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Supreme Court won't revive lawsuit by American families against PLO

The Supreme Court declined on Monday to revive a lawsuit brought by 11 American families against the Palestinian Auth...

Posted: Apr 2, 2018 10:16 PM
Updated: Apr 2, 2018 10:16 PM

The Supreme Court declined on Monday to revive a lawsuit brought by 11 American families against the Palestinian Authority and Palestine Liberation Organization.

The ruling, issued without comment from the justices, is a loss for victims and their family members who brought suit under federal law for seven terror attacks committed during a wave of violence in Israel.

In 2015, a US jury awarded the victims a $655.5 million judgment under the Anti-Terrorism Act. But a federal appeals court wiped away that judgment, holding that the federal courts lacked jurisdiction over the defendants in the case because they didn't have a strong enough connection to the United States to justify subjecting them to a lawsuit.

"The terror machine gun attacks and suicide bombings that triggered this suit and victimized these plaintiffs were unquestionably horrific," a panel of judges on the US Court of Appeals for the 2nd Circuit held. "But the federal courts cannot exercise jurisdiction in a civil case beyond the limits prescribed by the due process clause of the Constitution, no matter how horrendous the underlying attacks or morally compelling the plaintiff's claims."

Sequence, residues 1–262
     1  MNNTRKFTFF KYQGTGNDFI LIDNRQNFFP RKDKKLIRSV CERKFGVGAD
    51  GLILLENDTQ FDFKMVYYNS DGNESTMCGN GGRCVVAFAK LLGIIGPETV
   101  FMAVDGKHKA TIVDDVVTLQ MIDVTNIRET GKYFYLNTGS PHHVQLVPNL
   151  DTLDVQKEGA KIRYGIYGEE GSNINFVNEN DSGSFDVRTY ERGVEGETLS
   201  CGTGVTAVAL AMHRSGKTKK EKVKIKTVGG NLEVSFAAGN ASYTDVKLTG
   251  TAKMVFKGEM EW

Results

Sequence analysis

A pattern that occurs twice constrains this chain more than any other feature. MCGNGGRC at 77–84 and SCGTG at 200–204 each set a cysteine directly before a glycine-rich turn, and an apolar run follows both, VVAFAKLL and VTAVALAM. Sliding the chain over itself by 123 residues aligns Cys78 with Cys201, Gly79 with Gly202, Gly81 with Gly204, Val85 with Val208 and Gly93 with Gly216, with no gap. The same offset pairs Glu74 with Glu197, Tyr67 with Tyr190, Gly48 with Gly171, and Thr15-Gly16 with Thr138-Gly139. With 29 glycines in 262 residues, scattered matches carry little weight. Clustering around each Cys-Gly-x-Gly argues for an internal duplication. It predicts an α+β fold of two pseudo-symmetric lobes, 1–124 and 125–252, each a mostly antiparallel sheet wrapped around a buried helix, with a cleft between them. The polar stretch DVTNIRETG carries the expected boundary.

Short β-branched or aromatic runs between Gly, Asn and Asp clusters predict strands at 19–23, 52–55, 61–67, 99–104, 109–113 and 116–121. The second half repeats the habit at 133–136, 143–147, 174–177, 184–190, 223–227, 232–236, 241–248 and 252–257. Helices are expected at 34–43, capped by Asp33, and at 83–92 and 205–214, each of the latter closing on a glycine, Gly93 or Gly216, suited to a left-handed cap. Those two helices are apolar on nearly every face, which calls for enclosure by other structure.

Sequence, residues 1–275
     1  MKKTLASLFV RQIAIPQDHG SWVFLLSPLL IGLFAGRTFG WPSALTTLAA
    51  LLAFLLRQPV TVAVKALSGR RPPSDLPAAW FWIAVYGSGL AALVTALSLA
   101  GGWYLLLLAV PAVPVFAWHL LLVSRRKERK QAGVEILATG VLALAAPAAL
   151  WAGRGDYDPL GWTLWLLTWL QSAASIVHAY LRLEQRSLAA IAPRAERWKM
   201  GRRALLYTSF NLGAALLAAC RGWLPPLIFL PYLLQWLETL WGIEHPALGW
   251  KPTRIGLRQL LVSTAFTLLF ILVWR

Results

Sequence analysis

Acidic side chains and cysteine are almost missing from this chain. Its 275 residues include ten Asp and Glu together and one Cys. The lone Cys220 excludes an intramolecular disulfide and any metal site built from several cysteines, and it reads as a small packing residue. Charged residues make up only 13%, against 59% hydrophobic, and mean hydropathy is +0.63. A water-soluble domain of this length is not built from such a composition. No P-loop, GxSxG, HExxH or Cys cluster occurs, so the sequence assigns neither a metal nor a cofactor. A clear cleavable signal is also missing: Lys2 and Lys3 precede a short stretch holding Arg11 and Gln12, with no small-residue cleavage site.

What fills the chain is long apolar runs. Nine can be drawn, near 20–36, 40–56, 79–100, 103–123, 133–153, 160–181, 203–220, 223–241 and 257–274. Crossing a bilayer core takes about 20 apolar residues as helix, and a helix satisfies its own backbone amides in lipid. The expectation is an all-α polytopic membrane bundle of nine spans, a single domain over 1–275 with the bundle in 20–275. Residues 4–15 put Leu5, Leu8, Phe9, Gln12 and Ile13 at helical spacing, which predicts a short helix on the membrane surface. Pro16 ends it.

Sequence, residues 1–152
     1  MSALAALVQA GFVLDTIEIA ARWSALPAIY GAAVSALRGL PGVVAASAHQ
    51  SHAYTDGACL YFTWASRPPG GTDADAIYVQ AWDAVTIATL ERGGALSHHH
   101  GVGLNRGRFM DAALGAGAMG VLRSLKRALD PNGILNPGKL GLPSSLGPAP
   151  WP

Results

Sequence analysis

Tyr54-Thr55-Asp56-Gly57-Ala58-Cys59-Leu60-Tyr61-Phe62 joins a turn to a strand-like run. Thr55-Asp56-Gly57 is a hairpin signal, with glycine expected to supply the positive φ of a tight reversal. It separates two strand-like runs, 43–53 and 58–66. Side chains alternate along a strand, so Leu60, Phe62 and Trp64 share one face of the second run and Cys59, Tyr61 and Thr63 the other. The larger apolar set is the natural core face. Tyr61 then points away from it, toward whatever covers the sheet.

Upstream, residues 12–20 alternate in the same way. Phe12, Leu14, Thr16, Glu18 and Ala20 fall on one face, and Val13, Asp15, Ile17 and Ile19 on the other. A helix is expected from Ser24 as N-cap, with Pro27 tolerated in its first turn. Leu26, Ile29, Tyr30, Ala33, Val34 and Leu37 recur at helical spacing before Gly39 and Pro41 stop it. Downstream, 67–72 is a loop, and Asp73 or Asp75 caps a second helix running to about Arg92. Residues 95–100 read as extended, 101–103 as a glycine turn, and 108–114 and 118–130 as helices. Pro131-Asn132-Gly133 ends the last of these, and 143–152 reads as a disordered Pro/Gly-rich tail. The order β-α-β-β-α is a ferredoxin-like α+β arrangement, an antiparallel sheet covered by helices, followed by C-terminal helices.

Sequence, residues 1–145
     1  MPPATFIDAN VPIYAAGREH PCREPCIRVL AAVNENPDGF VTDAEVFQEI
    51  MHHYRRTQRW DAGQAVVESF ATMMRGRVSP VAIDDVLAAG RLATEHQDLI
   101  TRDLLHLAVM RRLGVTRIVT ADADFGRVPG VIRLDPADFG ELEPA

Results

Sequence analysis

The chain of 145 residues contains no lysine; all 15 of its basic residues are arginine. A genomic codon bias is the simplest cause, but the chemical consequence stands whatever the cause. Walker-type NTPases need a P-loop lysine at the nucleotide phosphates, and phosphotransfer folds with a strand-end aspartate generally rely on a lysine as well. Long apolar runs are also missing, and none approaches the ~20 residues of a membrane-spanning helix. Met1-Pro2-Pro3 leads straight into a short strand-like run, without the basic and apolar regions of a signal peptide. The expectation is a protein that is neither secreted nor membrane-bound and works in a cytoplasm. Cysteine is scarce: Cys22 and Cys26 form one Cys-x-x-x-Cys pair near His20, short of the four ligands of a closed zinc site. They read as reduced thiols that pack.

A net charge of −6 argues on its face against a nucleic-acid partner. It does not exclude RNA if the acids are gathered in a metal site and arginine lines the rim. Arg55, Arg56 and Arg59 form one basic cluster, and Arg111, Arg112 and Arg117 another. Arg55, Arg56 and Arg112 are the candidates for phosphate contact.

Former Solicitor General Theodore Olson, an attorney for the family members, appealed the decision to the Supreme Court, arguing that the lower court opinion would "cut the heart out of a vital federal statute."

The Trump administration urged the court to stay out of the dispute, saying there were currently no splits among the circuits that would warrant the Supreme Court's intervention.

"The brief filed by the Trump administration was an interesting example of the government trying to have its cake and eat it, too," said Steve Vladeck, CNN Supreme Court analyst and professor at the University of Texas School of Law.

"The Justice Department didn't fully defend the decision below, but they argued -- successfully, as it turns out -- that the ruling wasn't so problematic as to warrant the justices' intervention," Vladeck added.

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